Reviewed by: Raphael Vera
genetic alterations done to humans / mechanical alterations
Some people want to create so-called super soldiers through such means.
lovingly helping a chronically ill person
|Featuring:|| Hugh Jackman … Logan / Wolverine
Patrick Stewart … Charles Xavier / Professor X
Doris Morgado … Maria
Dafne Keen … Laura Kinney / X-23
Boyd Holbrook … Donald Pierce
Eriq La Salle … Will Munson
Stephen Merchant … Caliban
Elizabeth Rodriguez … Gabriela
Richard E. Grant … Dr. Zander Rice
Daniel Bernhardt … Reaver Bone Breaker
Saber Bankson … Mutant Kid
|Director:||James Mangold—“The Wolverine” (2013), “Knight and Day” (2010), “3:10 to Yuma” (2007), “Walk the Line” (2005), “Girl, Interrupted” (1999)|
|Distributor:||Twentieth Century Fox Film Corporation|
Brutally violent, graphic, bleak and expletive-filled
In the year 2029 Logan (Hugh Jackman), long considered near immortal—certainly un-killable—mutant with the adamantium claws, known as Wolverine, is finally showing his age. Content now to make a living driving a limousine for hire, he uses the money he earns to take care of the ailing Charles Xavier/Professor X (Patrick Stewart). Xavier is frequently disoriented and may be suffering from a degenerative brain disorder, which, when affecting the world’s most powerful telepath, makes him a threat to all around him.
Enter Pierce (Boyd Holbrook), a half-human cyborg who runs security for a company that’s searching for a little girl on the run, one that he is sure will reach out to Logan for help. Logan doesn’t know the girl yet, but soon enough the girl’s mother approaches him, desperate for his help, and Xavier agrees that they should aid her.
Once they are surrounded by Pierce’s forces, it seems that even Logan can do nothing to save her, but he gets aid from the most unlikely source, namely the girl herself. The child Laura (Dafne Keen) shares Logan’s mutant power and fighting abilities and boasts her own set of claws. Amidst the melee that ensues, they manage to escape and go on the run. Can an aging Logan keep his promise to the girl’s mother and Xavier by bringing her to a safehaven called Eden?
Logan is the Wolverine’s last incarnation of the character, at least as played by Hugh Jackman, and his swan song is dark and depressing, resulting in a film that some Wolverine fans have been eagerly anticipating, while others have been dreading. More science-fictional in tone than any other in the series, this R-rated film is absolutely not meant for children or teens, and the action, bathed in carnage, is so brutal that even its value to adults is questionable.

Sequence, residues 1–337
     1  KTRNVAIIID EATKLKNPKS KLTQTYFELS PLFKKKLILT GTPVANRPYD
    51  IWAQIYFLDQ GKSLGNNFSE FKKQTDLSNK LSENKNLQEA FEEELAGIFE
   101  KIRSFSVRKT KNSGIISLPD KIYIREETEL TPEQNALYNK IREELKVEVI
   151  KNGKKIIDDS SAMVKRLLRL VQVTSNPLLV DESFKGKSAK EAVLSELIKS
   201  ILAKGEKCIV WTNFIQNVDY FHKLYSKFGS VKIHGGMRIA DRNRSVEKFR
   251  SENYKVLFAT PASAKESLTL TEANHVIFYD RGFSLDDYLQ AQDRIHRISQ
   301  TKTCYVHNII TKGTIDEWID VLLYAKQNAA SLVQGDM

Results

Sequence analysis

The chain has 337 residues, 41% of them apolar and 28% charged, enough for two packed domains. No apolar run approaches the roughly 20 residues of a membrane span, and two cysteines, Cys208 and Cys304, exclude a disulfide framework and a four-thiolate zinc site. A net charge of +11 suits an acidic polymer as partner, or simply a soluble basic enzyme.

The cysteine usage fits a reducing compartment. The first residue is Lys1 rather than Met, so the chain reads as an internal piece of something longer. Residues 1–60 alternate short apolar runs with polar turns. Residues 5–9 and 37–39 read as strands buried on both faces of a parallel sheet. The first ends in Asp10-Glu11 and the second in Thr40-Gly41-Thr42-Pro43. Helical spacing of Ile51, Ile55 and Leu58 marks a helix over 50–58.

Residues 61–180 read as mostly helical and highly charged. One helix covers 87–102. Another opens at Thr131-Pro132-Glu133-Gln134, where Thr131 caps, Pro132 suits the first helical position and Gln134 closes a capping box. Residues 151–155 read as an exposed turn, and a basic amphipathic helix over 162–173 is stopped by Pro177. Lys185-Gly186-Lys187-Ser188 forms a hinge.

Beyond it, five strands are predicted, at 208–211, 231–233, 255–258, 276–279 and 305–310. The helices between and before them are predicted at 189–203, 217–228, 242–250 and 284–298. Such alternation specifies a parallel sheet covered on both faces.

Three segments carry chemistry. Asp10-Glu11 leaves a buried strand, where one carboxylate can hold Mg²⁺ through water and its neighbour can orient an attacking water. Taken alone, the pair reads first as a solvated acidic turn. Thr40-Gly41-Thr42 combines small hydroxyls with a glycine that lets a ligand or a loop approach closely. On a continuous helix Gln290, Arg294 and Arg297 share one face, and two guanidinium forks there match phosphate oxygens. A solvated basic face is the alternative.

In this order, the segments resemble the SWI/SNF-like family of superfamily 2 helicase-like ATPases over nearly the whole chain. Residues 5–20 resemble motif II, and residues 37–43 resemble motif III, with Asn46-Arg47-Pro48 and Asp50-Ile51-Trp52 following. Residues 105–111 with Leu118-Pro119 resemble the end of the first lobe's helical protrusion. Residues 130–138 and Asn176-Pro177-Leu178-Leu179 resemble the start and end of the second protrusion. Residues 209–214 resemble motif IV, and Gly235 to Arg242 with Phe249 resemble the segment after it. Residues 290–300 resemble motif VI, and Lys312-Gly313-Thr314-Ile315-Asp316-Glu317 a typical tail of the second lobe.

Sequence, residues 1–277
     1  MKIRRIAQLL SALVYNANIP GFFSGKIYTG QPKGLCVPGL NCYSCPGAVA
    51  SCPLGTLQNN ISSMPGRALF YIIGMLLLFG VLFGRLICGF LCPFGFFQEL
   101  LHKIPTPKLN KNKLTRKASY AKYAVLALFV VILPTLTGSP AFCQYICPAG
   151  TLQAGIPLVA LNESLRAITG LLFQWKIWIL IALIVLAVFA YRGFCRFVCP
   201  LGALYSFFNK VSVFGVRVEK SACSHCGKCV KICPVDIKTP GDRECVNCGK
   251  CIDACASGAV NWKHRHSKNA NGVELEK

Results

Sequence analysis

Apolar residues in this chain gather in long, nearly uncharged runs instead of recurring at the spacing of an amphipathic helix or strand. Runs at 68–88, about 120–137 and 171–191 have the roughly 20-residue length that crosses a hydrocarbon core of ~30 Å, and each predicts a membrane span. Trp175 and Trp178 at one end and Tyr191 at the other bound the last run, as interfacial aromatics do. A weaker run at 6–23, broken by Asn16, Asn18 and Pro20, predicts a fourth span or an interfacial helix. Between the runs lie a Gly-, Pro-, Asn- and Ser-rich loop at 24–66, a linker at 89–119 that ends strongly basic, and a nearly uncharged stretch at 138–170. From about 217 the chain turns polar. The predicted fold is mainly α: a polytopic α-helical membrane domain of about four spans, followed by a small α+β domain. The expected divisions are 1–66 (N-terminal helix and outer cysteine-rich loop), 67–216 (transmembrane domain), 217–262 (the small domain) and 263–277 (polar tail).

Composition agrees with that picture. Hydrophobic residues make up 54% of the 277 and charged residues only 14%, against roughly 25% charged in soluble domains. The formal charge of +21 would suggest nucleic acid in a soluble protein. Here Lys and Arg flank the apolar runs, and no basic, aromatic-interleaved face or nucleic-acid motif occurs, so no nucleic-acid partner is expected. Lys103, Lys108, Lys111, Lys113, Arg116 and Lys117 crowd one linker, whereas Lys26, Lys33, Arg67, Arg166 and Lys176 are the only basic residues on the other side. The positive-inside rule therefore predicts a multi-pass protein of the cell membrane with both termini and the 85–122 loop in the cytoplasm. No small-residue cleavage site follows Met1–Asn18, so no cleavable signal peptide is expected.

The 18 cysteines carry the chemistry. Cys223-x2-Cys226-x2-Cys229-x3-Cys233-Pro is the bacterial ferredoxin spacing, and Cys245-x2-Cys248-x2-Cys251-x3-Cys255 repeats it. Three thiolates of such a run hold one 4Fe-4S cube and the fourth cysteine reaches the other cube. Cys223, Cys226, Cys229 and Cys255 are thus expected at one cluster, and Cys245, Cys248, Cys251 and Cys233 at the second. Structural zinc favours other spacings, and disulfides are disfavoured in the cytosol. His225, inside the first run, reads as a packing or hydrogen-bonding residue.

Whenever Logan or his group are threatened, the violence that ensues is graphically over-the-top. People are shot, stabbed, run over, crushed, limbs are sliced off, faces and heads are impaled by claws, heads are decapitated, wounds are often open and bloody, and people are shot point blank in the head and body, sometimes repeatedly. Laura is Logan’s match, when it comes to violence, so much of the killing described comes from this little girl, including her decapitation of a soldier, and the use of a foot claw jabbed through a man’s neck. There is talk of suicide, and one character succeeds at this, only to be shown salvaged later, in order to be perversely harvested for his mutant genetic material.
A played video shows other children being experimented on, with their abuse being both physical and mental, and while the child Laura is being given her adamantium skeleton, she is a bloody during surgery. A character is shown being tortured by having his face burned, as though exposed to acid, and a child is seen cutting herself. Many dead bodies are shown, and a prolonged look at one, lifeless in a chair, is thrown in for good measure.
The use of vulgar and profane language is also extreme. The Lord’s name is taken in vain 7 times (Je*sus, G*d-d**m, For G*d’s sakes), plus d*mn (3) and h*ll (1). There are 44 f-words (2 used with “mother”), sh** (25+), bulls*** (3), a**h*** (5), a** (2), and d**k (3). Xavier says a number of the f-words himself, possibly due in part to his deteriorating mental condition. As always, these are minimum approximates, but are provided to indicate the high level of cursing involved. Thankfully, the children do not curse.